“Just take me, then, if it’s too late!” James tried to wrench his arm from Alder’s grip. “The Brophys are good people! You know they don’t deserve this! Don’t the years you worked for Richard mean anything to you!”

Alder twisted his arm further behind his back, producing a yelp. “Get yourself together, or I’ll break your arm.” James’ cell phone slipped from his fingers and clattered to the floor.

“Is my cooperation really worth this?” James pleaded.

Alder didn’t reply.

“Is Benson afraid the experiment will fail? Is it because the body’s not done? And I can’t work from something like that?” James felt light-headed. His heart beat wildly in his chest. “Because a torso and half a head is great for anybody, right? What a great idea to force one of my friends into it!” 

“You had your chance,” Alder said. “We could have done this quietly, but you tried to run. You act on our terms, now.”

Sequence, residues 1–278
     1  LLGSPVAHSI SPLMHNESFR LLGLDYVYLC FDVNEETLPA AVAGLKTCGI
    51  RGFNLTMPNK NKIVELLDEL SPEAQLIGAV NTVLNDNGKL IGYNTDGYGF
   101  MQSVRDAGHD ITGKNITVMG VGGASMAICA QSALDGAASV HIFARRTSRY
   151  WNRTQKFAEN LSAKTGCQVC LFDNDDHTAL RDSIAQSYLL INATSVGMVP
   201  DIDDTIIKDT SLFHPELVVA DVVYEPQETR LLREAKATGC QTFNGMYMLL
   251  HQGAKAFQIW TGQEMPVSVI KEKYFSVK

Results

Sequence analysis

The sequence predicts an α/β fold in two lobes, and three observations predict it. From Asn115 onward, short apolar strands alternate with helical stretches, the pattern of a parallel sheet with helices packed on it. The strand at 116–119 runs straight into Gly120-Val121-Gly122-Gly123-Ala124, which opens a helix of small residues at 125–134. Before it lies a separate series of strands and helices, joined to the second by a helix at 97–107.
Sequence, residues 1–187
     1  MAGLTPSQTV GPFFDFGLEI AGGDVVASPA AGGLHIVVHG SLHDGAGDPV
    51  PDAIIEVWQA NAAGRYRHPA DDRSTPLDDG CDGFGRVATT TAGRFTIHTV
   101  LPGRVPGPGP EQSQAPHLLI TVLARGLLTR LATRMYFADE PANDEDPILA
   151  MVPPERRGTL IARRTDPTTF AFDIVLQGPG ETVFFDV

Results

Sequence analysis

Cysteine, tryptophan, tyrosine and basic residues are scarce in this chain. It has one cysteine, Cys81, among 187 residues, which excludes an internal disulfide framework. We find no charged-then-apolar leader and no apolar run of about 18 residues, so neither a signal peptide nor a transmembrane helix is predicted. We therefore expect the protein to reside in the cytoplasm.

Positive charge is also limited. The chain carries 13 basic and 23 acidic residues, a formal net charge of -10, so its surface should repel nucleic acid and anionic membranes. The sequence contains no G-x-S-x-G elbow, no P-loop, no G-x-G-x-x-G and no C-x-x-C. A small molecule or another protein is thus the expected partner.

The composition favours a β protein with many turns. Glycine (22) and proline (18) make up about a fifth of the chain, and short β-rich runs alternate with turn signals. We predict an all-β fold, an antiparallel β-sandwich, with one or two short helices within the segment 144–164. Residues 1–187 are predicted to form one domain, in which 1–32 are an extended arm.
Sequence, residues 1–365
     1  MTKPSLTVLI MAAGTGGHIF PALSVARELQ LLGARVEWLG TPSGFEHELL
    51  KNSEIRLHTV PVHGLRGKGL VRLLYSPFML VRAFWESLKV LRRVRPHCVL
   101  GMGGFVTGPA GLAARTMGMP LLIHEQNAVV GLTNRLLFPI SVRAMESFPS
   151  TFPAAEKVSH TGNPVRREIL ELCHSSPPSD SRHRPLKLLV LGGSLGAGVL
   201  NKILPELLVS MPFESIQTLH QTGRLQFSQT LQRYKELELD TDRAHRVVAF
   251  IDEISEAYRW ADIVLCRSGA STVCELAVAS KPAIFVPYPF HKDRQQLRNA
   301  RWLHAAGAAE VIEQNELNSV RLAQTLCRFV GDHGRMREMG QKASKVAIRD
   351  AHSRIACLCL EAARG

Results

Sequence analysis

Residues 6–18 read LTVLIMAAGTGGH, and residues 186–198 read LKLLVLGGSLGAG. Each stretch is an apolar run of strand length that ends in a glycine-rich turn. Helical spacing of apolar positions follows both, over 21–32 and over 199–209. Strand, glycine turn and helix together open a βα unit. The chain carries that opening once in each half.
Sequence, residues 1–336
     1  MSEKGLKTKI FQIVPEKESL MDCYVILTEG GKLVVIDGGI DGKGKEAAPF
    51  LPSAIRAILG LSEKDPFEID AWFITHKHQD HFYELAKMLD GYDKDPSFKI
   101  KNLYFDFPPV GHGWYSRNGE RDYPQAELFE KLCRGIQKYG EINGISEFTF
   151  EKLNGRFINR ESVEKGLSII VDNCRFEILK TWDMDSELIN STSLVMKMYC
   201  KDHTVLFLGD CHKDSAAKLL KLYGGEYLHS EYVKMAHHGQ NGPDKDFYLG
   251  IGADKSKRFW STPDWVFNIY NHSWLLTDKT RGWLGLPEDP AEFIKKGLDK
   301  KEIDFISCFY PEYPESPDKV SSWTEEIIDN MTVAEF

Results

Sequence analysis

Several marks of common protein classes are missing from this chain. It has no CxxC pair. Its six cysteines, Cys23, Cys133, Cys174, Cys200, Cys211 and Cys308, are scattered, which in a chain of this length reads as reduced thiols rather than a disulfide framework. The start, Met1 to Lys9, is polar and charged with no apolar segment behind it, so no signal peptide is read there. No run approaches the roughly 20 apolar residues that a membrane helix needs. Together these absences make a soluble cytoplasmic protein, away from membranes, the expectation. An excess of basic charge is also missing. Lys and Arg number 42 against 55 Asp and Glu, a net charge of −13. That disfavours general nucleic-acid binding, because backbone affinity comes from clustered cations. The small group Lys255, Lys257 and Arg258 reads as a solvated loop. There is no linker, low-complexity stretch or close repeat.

James’ gaze darted around for anything he could use as leverage. He could threaten to kill himself. They couldn’t work the machine without him, and with James out of the equation, there would be no cause for Benson to go after his friends. If he could just get away from Alder, if he could get his phone, call the police. Something. 

The door to the lab opened, and James’ heart leapt into his throat.

Heather run get out of here!” he shrieked, pulling against Alder’s grip. Pain spiked up into his shoulder.

Heather jumped. “What—”

Get out—” James’ voice cut off abruptly as Alder released his arm, jerked his shoulder up and jabbed the side of his fist into James’ throat. 

James choked, clutching his neck and gasping for breath.

“James!” Heather shifted forward. The door closed behind her, sealing them in the soundproof lab. Alder raised the gun toward her. Heather froze and held up her hands. 

“No—” James lurched toward the gun, but Alder quickly deflected him with a kick to the stomach. James staggered and fell. He tried to get up, but doubled over, folding his arms across his middle with a groan. 

“Stay where you are,” Alder ordered. “Both of you.” He kept his aim trained on Heather. “Siles, you move, she dies right here.” He pushed up on a switch on the side of the gun. James knew very little about firearms, but he realized the safety lock had been on until that moment. “You have ten seconds. Make your choice. ”